Rule 26 effectively requires organizations to manage their data in such a way that this data can be produced in a timely and complete manner when necessary during legal discovery proceedings.
The risk of litigation is an unavoidable business reality. But with proper planning—and the right tools—you can protect your business against executive liability, fines, and sanctions stemming from spoilage of evidence.
IM and Preservation of Intellectual Property. Important business discussions take place over IM: Decisions are made, contracts are negotiated, and transactions are completed.
No one would ever dream of deleting every email immediately after reading them or replying to them; rather, users carefully file emails so they can refer to them in the future.
IM conversations, just like email, contain important business intelligence that should be treated as a valuable digital asset.
Native Archiving in IBM Lotus Sametime and Microsoft OCS 2007
Both Sametime and OCS 2007 ship with some basic IM archiving functionality. In Sametime it is called Chat Logging; in OCS 2007, it is OCS Archiving Service. Sametime logs chats to a Notes database; OCS 2007 archives IMs to a SQL database. What they both have in common, however, is a shortage of the functionality required to comply with regulatory requirements and protect the continuity of your business.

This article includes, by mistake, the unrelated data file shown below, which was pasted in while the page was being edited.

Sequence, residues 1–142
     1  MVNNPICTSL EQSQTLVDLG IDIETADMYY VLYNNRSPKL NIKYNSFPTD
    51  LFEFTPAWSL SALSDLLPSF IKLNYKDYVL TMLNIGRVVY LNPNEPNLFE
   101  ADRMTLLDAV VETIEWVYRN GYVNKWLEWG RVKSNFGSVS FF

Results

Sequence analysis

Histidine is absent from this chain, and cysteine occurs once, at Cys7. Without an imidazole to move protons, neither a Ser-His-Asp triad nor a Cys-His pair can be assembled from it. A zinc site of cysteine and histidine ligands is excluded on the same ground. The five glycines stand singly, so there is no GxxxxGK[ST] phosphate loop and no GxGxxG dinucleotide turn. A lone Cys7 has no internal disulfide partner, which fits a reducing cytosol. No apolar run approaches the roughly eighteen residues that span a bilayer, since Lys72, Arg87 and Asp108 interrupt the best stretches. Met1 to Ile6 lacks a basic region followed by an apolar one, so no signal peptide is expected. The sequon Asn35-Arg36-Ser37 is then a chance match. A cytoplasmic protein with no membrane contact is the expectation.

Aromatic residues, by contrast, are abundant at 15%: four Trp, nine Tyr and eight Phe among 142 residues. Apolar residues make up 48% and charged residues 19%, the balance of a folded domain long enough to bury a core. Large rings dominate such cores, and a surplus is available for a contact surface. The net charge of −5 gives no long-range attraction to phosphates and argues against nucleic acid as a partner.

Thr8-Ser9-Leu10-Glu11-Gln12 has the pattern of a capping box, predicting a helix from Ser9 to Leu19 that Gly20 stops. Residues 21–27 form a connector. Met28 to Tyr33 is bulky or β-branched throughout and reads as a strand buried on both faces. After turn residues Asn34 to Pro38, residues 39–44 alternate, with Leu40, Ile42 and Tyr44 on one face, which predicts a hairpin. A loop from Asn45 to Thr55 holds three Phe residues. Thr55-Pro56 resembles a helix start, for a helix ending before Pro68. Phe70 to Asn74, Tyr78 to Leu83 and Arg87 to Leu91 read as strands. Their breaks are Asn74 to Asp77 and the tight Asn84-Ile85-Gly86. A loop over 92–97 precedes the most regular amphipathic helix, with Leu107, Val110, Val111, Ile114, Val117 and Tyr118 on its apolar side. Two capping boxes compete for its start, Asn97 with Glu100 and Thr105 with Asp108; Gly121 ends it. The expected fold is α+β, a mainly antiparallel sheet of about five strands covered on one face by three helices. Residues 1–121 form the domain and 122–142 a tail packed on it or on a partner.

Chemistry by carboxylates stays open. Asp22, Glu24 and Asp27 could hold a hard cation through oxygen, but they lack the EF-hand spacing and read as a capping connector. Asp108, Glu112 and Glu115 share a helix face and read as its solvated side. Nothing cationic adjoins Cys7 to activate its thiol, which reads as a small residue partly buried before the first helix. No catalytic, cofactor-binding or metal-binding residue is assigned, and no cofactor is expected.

Experts in Unified Communications and Real-time Collaboration
Instant Technologies specializes in developing innovative, enterprise-class compliance and productivity solutions for IBM Lotus Sametime and Microsoft Office Communications Server.
Our multiple-award-winning products enable organizations to meet regulatory requirements, improve customer service, and increase employee productivity.
Our expertise in unified communications and real-time collaboration dates back to the release of our first product in 2002. Today, many of the world’s largest companies rely on our products for IM archiving, IM queue management, persistent chat rooms, IM bot development, buddy list administration, and more.
Instant IMtegrity is the leading solution for secure logging and archiving of both IBM Lotus Sametime Connect and native AOL Instant Messenger chats. Instant IMtegrity is specifically designed and natively built for IBM Lotus Sametime. It enables organizations to preserve the valuable business intelligence contained in IM conversations, and to audit and search IM conversations for SEC 17a-4 and NASD 3010 compliance.
Instant Archive Viewer for Microsoft Office Communications Server 2007 (Also supports Microsoft LCS)
Instant Archive Viewer enables organizations to monitor and audit LCS/OCS conversations for internal policy enforcement and/or external regulatory compliance. It converts the contents of your LCS/OCS archives into a usable business asset, and it gives end users access to past conversations—inside the LCS/OCS client—so they can do their jobs effectively.